The Pakistani schoolgirl shot in the head by the Taliban last week is being sent to the UK for specialist medical treatment, a military spokesperson has said.
The spokesperson said in a statement on Monday that 14-year-old Malala Yousafzai, whose shooting has drawn condemnation abroad and at home, will require "prolonged" care to fully recover physically and psychologically.
An air ambulance transporting Malala, provided by the United Arab Emirates, had departed from Islamabad and was heading for the UK, the Pakistani army said.
|Doctors in Rawalpindi said Malala's progress over the
next few days would be "critical" [Reuters]
"The panel of doctors recommended that Malala be shifted abroad to a UK centre which has the capability to provide integrated care to children who have sustained severe injury," said the army spokesperson in the statement.
Malala - who has been campaigning for education for girls - was attacked last Tuesday as she was returning home from school in Mingora in northwestern Swat.
A source in a hospital in the city of Rawalpindi, where she was initially being treated, told Al Jazeera on Sunday that her condition was "critical" and that she had a slim chance of recovering.
Yousafzai has "very limited chance of life left", said the source, declining to be identified because he is not authorised to speak to the media.
The Pakistani military said on Saturday that Malala "was making steady and satisfactory progress".
The shooting of Yousafzai has been denounced worldwide and by the Pakistani authorities, who have offered a reward of more than $100,000 for the capture of her attackers.
'Crime against humanity'
The military earlier said Yousafzai's "vitals are okay" although they said she was on a ventilator.
"A board of doctors is continuously monitoring her condition," the army said.
Raja Pervez Ashraf, Pakistan's prime minister, visited Malala on Friday, paying tribute to her and two friends who were also wounded when a gunman boarded their school bus on Tuesday and opened fire.
"It was not a crime against an individual but a crime against humanity and an attack on our national and social values," he told reporters, pledging renewed vigour in Pakistan's struggle with so-called "Islamist militancy".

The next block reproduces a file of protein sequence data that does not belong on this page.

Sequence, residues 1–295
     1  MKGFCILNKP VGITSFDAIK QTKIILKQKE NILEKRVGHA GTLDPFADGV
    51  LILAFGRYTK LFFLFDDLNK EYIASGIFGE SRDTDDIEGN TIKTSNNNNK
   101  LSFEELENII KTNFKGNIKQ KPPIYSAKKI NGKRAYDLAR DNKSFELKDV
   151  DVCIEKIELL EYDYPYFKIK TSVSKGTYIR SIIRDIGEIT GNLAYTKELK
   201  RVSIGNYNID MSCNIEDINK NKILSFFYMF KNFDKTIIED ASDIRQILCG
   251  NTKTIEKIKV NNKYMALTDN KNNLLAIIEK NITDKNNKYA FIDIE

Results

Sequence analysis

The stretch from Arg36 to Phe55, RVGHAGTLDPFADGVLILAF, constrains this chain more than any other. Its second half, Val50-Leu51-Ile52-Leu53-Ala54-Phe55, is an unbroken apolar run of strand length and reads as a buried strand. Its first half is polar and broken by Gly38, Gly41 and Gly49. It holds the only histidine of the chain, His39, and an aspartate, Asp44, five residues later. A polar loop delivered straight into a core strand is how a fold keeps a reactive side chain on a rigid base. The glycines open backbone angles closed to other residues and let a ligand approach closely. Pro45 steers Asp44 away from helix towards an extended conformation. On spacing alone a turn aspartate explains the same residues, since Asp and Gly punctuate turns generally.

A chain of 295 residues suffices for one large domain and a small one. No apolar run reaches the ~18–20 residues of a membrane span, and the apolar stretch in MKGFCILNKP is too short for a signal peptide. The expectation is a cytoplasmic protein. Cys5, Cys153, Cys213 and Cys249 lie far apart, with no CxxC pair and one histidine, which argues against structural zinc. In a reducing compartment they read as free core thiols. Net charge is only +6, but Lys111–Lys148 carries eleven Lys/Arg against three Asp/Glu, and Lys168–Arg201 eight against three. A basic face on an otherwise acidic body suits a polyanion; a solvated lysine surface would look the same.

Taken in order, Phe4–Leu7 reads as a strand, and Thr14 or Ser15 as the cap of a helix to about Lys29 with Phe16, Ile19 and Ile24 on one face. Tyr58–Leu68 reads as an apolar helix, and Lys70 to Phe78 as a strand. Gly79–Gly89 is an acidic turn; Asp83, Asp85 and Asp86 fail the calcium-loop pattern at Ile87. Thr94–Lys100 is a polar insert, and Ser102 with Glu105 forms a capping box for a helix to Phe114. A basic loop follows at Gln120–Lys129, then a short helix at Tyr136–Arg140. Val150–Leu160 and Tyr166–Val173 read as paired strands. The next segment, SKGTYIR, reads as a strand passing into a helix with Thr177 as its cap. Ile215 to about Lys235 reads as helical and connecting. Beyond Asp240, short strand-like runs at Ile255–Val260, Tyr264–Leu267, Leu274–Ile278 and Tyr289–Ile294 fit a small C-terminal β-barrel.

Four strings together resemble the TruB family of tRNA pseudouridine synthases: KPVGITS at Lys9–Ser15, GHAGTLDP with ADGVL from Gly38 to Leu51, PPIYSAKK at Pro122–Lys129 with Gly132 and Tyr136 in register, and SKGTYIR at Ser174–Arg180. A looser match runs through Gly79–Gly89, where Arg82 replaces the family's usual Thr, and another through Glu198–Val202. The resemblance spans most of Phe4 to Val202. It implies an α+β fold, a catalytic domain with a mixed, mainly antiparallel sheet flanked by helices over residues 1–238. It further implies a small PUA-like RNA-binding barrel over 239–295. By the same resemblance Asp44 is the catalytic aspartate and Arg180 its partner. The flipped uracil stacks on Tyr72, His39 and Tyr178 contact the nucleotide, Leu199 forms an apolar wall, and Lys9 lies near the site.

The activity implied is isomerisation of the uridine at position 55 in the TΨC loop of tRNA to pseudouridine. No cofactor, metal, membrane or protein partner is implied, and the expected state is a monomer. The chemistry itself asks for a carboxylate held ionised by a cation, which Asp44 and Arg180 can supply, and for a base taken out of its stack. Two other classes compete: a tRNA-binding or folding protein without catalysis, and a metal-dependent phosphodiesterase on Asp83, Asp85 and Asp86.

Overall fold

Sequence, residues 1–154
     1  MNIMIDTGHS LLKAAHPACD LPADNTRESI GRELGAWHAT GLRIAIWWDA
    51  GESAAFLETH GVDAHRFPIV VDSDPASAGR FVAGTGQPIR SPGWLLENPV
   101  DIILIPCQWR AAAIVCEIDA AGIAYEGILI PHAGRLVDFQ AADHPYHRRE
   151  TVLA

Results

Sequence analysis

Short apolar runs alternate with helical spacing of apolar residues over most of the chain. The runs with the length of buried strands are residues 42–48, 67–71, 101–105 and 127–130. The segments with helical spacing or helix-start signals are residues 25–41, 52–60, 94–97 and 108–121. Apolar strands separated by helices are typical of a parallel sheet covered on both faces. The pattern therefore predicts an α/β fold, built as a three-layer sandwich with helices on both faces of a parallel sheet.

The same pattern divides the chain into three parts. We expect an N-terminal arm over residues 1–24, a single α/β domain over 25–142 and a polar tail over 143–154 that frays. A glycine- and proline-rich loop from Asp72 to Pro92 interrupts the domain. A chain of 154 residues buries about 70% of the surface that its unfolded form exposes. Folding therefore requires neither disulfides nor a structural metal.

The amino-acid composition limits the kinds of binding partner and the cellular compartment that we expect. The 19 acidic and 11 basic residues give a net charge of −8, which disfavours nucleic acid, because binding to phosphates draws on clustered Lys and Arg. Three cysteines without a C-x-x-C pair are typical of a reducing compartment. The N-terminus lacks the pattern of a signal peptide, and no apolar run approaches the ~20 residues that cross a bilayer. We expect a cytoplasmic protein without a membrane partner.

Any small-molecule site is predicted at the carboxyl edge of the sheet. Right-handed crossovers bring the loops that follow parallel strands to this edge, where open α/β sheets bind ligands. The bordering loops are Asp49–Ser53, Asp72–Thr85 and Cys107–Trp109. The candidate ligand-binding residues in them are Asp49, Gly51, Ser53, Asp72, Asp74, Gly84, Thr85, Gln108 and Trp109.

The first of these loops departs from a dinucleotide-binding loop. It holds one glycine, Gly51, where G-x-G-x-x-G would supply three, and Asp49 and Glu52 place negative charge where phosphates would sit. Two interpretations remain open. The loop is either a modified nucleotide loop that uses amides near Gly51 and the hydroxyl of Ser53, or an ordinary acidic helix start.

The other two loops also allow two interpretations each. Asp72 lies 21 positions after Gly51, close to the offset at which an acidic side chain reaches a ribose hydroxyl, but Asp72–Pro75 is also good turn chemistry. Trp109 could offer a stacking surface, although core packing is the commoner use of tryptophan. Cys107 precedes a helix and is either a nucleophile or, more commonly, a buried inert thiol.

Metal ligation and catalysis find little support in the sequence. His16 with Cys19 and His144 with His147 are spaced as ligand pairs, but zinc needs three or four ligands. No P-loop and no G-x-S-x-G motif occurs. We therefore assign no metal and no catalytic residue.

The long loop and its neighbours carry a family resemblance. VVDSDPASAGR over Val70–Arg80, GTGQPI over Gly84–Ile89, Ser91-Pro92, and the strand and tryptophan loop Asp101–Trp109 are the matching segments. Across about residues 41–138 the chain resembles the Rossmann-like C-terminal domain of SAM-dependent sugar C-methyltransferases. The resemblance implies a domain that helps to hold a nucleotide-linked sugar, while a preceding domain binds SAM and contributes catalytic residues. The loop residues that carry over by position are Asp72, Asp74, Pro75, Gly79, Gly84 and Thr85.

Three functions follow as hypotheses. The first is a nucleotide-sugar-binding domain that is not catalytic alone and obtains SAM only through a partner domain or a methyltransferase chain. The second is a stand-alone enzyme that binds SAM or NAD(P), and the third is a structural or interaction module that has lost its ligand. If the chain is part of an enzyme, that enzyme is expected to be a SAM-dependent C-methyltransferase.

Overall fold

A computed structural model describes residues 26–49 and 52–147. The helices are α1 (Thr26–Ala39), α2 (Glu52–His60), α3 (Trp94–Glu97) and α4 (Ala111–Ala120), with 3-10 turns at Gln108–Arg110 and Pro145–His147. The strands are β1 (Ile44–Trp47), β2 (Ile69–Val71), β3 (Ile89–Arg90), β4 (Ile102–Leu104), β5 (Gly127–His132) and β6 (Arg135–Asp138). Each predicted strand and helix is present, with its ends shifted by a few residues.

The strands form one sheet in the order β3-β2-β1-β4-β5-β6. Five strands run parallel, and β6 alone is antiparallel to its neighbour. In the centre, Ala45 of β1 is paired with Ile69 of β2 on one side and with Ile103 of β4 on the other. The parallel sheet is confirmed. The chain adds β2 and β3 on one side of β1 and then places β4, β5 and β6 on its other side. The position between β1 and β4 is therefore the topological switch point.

Kainat, one of the other two girls injured in the attack, is in stable condition and is expected to make a full recovery within two weeks. She was shot in her upper right arm.
Shazia, the third victim, is due to be released from military hospital in Peshawar and return to Swat soon, her family told Al Jazeera.
The attack has angered Pakistan, where Malala won international prominence with a blog that highlighted atrocities under the Taliban who terrorised the Swat valley from 2007 until a 2009 army offensive.
Activists say the shooting should be a wake-up call to those who advocate appeasement with the Taliban, but analysts suspect there will be no seismic shift in a country that has sponsored radical Islam for decades.
Schools opened with prayers for Malala on Friday and special prayers were held at mosques across the country for her speedy recovery at the country's top military hospital in the city of Rawalpindi.
Local police officials told Al Jazeera that the investigation into who was responsible for the attack was ongoing. The perpetrators were witnessed escaping into a nearby slum.
Four people have been arrested in connection to the shooting. They were among about 60 to 70 suspects rounded up in the Swat region this week, but all were subsequently released.
Schools in Afghanistan opened on Saturday with special prayers for the quick recovery of Yousafzai, in a move to show solidarity with her, officials said.
"To show sympathy to Malala Yousafzai around 9.5 million students all over the country in 15,500 schools and education centres offered prayers for her quick recovery," education ministry spokesman Amanullah Iman told the AFP news agency.
"The students also expressed their solidarity to their sister [Malala] because the attack on her was an attack on education," he said.
"Malala is just a girl and student like us, she shouldn't have been shot," Freshta, a 10 grade pupil told AFP.
"Today we recited Quran and prayed for her recovery," she said.
Clerics on Friday declared the attempt on her life to be "un-Islamic".
The joint fatwa, or religious edict, was issued by at least 50 scholars associated with the Sunni Ittehad Council, and appealed to worshippers to observe a "day of condemnation" on Friday.
"Islam holds the killing of one innocent person as killing the entirety of humanity," Hamid Saeed Kazmi, a former religious affairs minister in Pakistan, told reporters.
- With additional reporting from Hameedullah Khan and Asad Hashim in Swat Valley.